Police should have helped Shamima Begum return to Britain after she joined Islamic State in Syria because there were reasons to suspect she had been groomed as a child bride, a court has heard.
Samantha Knights KC told a tribunal that police had a duty to investigate whether Begum, who was 15 when she left the UK, was a victim of human trafficking, and then help her return if she was.
On the second day of a Special Immigration Appeals Commission (Siac) hearing, Knights said children “cannot consent to their own exploitation”.
She told the hearing: “Children allegedly associated or associated with terrorist groups are, in fact, often victims of terrorism and human trafficking.”
Knights said the government has a duty to prevent trafficking, identify perpetrators, assist victims and help them return home.
Begum, now 23, left her home in East London in 2015 while a GCSE student at Bethnal Green academy. She married an IS soldier from the Netherlands within days of her arrival and had three children, none of whom survived.
She was stripped of her British citizenship in February 2019 on grounds of national security by the then Home Secretary, Sajid Javid.
The government’s Modern Slavery Strategy, introduced in November 2014, mandated an obligation to pursue perpetrators, prevent involvement in slavery or exploitation, and improve victim identification.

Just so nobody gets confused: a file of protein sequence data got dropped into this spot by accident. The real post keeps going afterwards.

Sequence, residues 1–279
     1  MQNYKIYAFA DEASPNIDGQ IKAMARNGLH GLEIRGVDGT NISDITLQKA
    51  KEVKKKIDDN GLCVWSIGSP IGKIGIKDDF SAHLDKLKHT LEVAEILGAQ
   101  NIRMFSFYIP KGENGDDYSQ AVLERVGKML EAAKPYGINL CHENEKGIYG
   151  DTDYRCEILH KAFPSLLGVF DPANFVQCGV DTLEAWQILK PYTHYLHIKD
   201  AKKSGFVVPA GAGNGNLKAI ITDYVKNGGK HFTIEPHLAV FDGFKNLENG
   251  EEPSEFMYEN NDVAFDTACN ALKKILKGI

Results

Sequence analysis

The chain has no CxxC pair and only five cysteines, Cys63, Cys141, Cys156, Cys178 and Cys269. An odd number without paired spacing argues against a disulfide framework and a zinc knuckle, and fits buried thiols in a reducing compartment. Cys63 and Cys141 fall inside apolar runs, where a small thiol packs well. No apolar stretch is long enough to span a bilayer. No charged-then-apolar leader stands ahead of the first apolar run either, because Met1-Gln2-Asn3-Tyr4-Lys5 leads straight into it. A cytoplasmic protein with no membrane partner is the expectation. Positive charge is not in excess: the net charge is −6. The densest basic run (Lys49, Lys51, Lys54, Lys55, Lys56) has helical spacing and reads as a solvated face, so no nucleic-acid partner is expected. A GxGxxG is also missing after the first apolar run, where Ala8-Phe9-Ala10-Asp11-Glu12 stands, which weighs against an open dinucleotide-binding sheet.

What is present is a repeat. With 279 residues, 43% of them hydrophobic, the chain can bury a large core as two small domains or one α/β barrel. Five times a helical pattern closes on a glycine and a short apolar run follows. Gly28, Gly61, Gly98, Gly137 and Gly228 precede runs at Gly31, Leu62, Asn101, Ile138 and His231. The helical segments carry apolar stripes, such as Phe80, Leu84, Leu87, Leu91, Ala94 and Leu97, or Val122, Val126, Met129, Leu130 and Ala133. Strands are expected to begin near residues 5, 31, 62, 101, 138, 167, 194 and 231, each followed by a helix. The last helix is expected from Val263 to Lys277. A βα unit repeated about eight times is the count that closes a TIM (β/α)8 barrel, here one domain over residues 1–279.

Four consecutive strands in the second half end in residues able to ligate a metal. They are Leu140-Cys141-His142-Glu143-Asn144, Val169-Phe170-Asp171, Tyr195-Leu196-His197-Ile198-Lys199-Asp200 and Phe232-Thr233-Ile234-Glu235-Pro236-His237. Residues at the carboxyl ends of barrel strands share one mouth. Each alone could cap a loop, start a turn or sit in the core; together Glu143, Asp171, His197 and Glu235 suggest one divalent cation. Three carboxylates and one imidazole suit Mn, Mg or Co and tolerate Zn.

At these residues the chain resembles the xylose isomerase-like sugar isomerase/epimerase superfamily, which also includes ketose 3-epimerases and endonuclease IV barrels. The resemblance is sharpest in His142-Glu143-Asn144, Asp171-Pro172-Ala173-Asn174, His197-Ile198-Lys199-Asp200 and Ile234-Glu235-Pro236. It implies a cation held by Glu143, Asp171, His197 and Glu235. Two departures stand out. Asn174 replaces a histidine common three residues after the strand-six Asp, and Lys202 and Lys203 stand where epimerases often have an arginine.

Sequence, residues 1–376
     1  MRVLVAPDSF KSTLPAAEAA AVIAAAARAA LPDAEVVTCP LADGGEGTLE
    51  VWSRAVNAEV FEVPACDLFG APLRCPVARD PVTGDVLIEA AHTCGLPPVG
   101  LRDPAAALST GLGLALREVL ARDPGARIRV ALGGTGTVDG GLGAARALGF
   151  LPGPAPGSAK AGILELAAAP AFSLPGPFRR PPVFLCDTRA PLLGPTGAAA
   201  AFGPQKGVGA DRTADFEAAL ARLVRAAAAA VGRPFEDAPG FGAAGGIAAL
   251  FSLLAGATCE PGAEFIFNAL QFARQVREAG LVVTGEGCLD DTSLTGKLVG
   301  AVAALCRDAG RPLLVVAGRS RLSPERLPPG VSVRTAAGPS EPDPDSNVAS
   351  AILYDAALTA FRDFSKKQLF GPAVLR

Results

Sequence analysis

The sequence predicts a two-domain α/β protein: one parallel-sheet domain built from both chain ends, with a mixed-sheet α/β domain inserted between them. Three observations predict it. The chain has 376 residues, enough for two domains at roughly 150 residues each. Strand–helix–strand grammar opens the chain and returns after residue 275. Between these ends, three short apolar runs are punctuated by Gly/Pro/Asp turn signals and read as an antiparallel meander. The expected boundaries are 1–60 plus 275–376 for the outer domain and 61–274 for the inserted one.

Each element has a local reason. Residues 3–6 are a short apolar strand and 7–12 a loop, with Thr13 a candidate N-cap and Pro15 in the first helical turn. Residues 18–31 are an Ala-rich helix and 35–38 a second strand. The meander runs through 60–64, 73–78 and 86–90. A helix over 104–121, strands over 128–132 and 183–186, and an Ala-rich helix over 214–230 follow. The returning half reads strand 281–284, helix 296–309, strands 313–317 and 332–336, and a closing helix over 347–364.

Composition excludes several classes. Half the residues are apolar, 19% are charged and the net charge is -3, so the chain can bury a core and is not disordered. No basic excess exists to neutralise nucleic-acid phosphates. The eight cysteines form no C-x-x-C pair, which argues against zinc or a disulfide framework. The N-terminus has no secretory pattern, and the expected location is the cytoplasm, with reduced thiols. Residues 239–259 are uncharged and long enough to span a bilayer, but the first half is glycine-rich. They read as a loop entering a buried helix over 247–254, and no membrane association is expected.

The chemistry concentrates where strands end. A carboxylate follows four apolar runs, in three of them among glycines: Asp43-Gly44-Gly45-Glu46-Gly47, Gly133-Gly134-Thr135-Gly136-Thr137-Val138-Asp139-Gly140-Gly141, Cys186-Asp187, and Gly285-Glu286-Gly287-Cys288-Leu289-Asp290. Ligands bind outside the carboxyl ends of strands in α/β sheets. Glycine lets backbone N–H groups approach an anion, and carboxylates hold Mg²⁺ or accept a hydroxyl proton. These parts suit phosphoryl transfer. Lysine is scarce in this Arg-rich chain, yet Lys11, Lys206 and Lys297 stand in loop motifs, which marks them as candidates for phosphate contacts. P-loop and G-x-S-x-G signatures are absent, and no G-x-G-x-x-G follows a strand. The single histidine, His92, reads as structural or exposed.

“Children cannot consent to being trafficked, nor can they consent to child marriage,” Knights said.
Under international law, a child marriage occurs when at least one party is under the age of 18 and is considered a forced marriage, Knights told the hearing.
Article 4 of the European Convention on Human Rights imposes an operational duty to assist victims of trafficking and aid their rescue and recovery, the court heard.
Knights said: “It is beyond dispute that there was credible suspicion that Miss Begum was a subject of trafficking and therefore there was an obligation to investigate whether she was a victim of trafficking from the UK and what they could do in terms of recovery.”
She added: “In this case we are saying there are missed opportunities by the school and the police.”
Javid ignored the “obvious importance” of Begum’s rescue, recovery and rehabilitation as a child trafficking victim, her lawyers said.
On Dec. 10, 2014, two months before she left for Syria, an assessment conducted by the Bethnal Green academy said Begum was “at risk of radicalization,” the court heard.
It was noted that “she was good friends” with Sharmeena Begum, who had gone to Syria after leaving school.
The police gave Shamima Begum and her friends a letter about Sharmeena Begum’s “disappearance” and asked them to deliver it to their parents.
Knights said: “The letters have not been delivered and it appears that at no point were the families ever told that Sharmeena had traveled to Syria or that there was any concern about the applicant and her friends.”